“I wanted to compete at a swim meet that was a combination of the LGBTQ community and the sport of swimming. It was a fun, accepting and engaging environment,” says Cockrell. “The takeaway was that everyone was enjoying themselves and it was nice to be gathered together in a queer space. There was an atmosphere of camaraderie, and it was great being attached to a big team like DCAC.”

Coming up next for DCAC is the United States Masters Swimming Nationals in Richmond in August. Next year, the team will travel to London for the 2023 IGLA world championships to be held in the London Olympic Pool.

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Politics

Caitlyn Jenner celebrates FINA ban on Trans swimmers on Twitter

“[…] what’s fair is fair! If you go through male puberty you should not be able to take medals away from females. Period,” Jenner tweeted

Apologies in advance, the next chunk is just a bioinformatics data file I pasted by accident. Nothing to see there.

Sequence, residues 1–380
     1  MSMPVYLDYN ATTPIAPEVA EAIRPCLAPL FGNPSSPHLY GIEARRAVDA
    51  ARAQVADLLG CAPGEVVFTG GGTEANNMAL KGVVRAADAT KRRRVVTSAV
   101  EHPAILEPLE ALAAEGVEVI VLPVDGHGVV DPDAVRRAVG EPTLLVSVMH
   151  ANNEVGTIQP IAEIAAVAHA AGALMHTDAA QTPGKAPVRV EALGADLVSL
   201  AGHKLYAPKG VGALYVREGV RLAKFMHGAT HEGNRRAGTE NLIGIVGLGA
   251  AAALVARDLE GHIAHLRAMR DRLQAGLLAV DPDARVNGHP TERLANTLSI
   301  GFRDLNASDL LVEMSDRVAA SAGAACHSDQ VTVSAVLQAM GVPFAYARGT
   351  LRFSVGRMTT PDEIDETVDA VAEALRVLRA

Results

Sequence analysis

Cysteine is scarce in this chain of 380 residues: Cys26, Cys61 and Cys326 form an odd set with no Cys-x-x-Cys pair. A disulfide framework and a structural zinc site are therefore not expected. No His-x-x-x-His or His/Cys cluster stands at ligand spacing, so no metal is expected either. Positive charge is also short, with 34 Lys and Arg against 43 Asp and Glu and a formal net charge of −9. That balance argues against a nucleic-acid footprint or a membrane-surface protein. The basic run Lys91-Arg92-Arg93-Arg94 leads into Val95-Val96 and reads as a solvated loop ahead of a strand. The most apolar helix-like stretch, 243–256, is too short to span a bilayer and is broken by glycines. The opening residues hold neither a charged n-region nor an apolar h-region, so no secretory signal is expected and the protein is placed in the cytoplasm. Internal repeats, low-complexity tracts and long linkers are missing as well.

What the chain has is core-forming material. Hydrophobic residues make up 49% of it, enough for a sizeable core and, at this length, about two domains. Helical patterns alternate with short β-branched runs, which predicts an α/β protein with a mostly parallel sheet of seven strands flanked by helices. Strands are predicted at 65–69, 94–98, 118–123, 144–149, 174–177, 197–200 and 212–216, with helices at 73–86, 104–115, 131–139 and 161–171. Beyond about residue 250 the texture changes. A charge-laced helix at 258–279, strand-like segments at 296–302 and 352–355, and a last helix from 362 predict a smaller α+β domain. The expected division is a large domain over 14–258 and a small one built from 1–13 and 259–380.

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Screenshot/YouTube Fox News

Former Olympian and one-time California Republican gubernatorial candidate Caitlyn Jenner enraged Trans activists Monday after she tweeted her approval of the FINA vote Sunday that essentially bans Trans women from participating and competing as collegiate swimmers.

“It worked! I took a lot of heat – but what’s fair is fair! If you go through male puberty you should not be able to take medals away from females. Period,” Jenner tweeted Sunday after the international athletic organization announced its vote to ban trans athletes.

The Swimming’s world governing body voted to restrict transgender athletes from elite women’s competitions. The final vote tally of the representatives was 71.5% approval for the new policy which requires transgender athletes show that “they have not experienced any part of male puberty beyond Tanner Stage 2 or before age 12, whichever is later.”